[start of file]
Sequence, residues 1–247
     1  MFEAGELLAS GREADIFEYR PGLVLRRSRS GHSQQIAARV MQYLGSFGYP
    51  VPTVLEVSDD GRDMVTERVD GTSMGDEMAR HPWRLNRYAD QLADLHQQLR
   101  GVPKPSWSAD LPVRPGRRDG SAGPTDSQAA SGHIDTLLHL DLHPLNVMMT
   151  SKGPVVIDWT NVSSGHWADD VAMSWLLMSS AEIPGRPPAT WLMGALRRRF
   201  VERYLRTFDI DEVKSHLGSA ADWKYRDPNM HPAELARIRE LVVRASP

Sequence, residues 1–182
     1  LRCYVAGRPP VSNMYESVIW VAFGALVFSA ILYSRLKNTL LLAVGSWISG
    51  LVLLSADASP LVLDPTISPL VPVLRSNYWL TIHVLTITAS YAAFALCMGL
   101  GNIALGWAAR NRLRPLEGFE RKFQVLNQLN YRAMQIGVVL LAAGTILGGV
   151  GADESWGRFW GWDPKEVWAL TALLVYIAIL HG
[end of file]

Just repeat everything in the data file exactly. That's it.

Sequence, residues 1–247
     1  MFEAGELLAS GREADIFEYR PGLVLRRSRS GHSQQIAARV MQYLGSFGYP
    51  VPTVLEVSDD GRDMVTERVD GTSMGDEMAR HPWRLNRYAD QLADLHQQLR
   101  GVPKPSWSAD LPVRPGRRDG SAGPTDSQAA SGHIDTLLHL DLHPLNVMMT
   151  SKGPVVIDWT NVSSGHWADD VAMSWLLMSS AEIPGRPPAT WLMGALRRRF
   201  VERYLRTFDI DEVKSHLGSA ADWKYRDPNM HPAELARIRE LVVRASP

Sequence, residues 1–182
     1  LRCYVAGRPP VSNMYESVIW VAFGALVFSA ILYSRLKNTL LLAVGSWISG
    51  LVLLSADASP LVLDPTISPL VPVLRSNYWL TIHVLTITAS YAAFALCMGL
   101  GNIALGWAAR NRLRPLEGFE RKFQVLNQLN YRAMQIGVVL LAAGTILGGV
   151  GADESWGRFW GWDPKEVWAL TALLVYIAIL HG